I have a db.t2.small read replica, which crashes every time I run mysqldump.

The issues started after I made some table changes - my main suspicion is the use of InnoDB.

This replica is used as a backup (incase the main server was to fail); and allowed me to run mysqldump every night, so I can create an off-site backup without effecting the main server.

AWS now goes though the recovery process when I use mysqldump.

01:53:13 - Recovery of the DB instance has started. Recovery time will vary with the amount of data to be recovered.
01:57:11 - DB instance restarted
01:57:36 - Recovery of the DB instance is complete.

Annoying the error logs are pretty much empty, so I have no idea what's causing it to fail.

The largest tables are:

788 MB = report_data
410 MB = report_data_log
418 MB = email_log_boy

The report_data table used to contain 36 TEXT fields (an example of more fields being added over time), and used MyISAM.

I changed this to use a simpler 1 TEXT field per row (an report_id, field_name, field_value, created_date, author_id), and it's now setup to use InnoDB.

The overall table size has decreased a bit.

The report_data_log table is basically the same table structure, but with a date to record when each value was replaced (as in, on editing, the record is copied from the report_data table, so I have a history of what's changed in the last 3 months).

I export each table individually with:

/usr/bin/mysqldump --defaults-extra-file=/backup/database.cnf --skip-extended-insert --skip-dump-date db report_data_log

I have tried adding --single-transaction, but that hasn't changed anything.

The config file just contains the username, password, host, ssl-ca, and sets ssl-verify-server-cert to true.

The /etc/mysql/conf.d/mysqldump.cnf file contains:

max_allowed_packet = 1024M

The server configuration hasn't been changed recently, where it includes:

max_allowed_packet: 1073741824
net_read_timeout: 3600
net_write_timeout: 3600

Oddly, it's able to export the 788MB report_data table, but crashes after exporting ~200MB of the 410MB report_data_log table.

Using db.t2.medium will probably fix this issue, but it doubles the cost - which seems a little silly considering the main server is fine, and both are idle most of the time (never appears to exceed 25% CPU, average 1.5%; or running low on Freeable Memory).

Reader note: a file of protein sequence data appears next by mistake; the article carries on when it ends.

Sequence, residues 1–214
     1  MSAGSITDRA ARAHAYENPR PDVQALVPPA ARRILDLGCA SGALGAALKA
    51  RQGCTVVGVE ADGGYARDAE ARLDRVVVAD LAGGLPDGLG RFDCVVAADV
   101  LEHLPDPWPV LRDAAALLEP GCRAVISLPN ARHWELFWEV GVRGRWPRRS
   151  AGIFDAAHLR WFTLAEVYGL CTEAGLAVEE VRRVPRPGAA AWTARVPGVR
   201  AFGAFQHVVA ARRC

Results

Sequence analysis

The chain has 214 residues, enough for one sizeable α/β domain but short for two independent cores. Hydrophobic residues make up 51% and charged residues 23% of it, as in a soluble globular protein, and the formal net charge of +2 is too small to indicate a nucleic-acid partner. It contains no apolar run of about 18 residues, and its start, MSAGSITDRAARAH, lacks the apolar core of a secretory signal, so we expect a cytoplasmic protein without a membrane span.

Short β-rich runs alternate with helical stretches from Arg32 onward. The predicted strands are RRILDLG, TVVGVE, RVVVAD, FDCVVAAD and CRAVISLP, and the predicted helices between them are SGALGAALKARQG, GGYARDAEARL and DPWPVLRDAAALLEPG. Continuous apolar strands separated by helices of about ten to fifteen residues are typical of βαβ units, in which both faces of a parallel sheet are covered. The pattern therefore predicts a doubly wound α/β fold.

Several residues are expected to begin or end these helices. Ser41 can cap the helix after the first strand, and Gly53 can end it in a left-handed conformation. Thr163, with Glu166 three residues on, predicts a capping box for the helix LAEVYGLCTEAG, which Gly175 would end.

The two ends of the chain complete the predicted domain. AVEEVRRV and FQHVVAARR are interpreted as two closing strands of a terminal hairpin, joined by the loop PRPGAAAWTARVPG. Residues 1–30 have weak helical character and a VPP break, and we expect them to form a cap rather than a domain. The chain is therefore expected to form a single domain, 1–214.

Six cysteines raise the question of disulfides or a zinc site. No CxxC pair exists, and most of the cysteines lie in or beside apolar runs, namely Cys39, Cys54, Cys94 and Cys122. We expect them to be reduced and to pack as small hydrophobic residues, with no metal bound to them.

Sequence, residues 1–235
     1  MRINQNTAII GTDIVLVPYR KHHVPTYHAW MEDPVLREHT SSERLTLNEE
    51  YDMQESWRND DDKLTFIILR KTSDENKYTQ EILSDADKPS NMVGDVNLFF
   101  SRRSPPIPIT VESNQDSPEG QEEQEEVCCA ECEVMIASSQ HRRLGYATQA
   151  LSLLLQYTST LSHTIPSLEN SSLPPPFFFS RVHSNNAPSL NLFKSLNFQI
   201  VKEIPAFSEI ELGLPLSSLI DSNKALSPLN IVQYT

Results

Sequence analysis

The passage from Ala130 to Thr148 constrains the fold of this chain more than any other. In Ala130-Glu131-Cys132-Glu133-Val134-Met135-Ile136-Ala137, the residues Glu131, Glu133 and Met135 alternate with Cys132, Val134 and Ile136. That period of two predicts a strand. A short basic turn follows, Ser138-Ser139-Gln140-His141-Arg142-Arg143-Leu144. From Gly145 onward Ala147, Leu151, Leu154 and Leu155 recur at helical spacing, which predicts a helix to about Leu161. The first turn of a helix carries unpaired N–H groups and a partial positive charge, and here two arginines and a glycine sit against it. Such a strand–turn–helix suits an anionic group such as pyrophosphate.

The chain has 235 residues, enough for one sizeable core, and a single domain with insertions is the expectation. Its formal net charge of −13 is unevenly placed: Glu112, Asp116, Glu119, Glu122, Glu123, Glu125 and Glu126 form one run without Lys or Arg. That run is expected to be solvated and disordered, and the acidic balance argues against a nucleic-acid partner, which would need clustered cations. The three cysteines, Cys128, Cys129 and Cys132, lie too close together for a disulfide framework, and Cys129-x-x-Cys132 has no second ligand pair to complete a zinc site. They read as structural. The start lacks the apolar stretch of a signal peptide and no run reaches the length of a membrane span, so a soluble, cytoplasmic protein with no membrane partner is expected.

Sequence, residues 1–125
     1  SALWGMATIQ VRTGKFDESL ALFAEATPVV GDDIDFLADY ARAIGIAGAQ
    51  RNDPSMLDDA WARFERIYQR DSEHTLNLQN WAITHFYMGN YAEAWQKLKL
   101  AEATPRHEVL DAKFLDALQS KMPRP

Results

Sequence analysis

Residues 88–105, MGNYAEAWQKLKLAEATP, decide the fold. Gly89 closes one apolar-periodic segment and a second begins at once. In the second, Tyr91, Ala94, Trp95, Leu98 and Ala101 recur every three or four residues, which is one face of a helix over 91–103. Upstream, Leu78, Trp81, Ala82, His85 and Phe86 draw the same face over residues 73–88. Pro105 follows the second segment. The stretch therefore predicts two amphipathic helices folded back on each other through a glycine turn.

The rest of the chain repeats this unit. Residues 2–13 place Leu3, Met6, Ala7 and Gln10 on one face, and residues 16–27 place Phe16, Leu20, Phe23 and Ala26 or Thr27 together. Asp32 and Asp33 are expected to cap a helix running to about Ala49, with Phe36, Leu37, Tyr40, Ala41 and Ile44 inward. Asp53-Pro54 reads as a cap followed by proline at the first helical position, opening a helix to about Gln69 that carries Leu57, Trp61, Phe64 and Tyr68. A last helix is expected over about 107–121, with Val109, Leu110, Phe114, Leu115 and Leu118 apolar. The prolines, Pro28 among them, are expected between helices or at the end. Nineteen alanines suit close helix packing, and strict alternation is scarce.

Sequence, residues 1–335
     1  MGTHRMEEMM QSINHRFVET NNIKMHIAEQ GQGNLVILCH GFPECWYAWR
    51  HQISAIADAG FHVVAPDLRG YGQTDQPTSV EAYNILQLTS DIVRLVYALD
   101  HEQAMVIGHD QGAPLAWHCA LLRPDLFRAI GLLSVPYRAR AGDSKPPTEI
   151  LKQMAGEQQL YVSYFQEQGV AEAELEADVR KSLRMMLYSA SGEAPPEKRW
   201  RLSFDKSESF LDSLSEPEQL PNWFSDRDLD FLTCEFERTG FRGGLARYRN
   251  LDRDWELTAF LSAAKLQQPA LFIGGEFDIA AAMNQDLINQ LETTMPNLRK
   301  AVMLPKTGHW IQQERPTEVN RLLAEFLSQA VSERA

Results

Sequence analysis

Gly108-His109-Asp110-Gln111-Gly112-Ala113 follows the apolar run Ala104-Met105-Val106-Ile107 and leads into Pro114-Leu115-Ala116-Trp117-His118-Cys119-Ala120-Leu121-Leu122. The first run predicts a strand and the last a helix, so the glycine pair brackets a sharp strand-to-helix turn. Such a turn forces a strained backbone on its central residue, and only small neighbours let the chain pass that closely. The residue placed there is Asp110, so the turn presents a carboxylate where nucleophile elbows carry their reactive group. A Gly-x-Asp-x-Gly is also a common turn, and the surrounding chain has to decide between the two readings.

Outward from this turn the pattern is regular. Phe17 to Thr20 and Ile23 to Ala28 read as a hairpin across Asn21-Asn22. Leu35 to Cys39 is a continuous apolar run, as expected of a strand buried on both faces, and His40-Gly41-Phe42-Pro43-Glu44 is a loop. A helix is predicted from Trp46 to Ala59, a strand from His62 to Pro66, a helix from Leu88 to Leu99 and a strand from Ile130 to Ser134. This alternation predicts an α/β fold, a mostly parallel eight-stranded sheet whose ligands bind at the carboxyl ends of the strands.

I'm tempted to switch back to MyISAM, but was wondering if there are any better AWS RDS logs to find out what's happened, or if there is something different about InnoDB that I'm missing?

As an interesting aside, the "db.t2.small" MariaDB instance provides 2GB of RAM.

The parameter group sets "innodb_buffer_pool_size" to "{DBInstanceClassMemory*3/4}".

But when I run:

SHOW GLOBAL VARIABLES LIKE "innodb_buffer_pool_size";

It returns 2147483648... so it's being set to 2GB, not 1.5GB.

1 Answer 1


This is a confirmed bug with Amazon RDS.

Reply from Amazon on the 6th Jan 2020:

"Starting with MariaDB 10.2.2 resizing the buffer pool is performed in chunks determined by the size of the innodb_buffer_pool_chunk_size variable. Hence the buffer pool size must be a multiple of innodb_buffer_pool_chunk_size * innodb_buffer_pool_instances, since innodb_buffer_pool_size is set to 1.5 GB the behavior is to round off to 1GB as the "innodb_buffer_pool_instances" is set to 8."

Original Answer:

On the "db.t2.small" MariaDB instance, it has 2GB of RAM, but innodb_buffer_pool_size is being incorrectly set to 2GB.

This means MariaDB will crash when the InnoDB buffer pool fills with too much data.

The temporary solution is to change the Parameter Group so:

innodb_buffer_pool_instances = 12

If you want to get an ETA from Amazon, ask them to check Case 6411919871, from the 5th September 2019.

I did have to eventually pay them $29 to raise a "Technical" bug report, the original report was raised in August, both with Accounts, and on their Forum:


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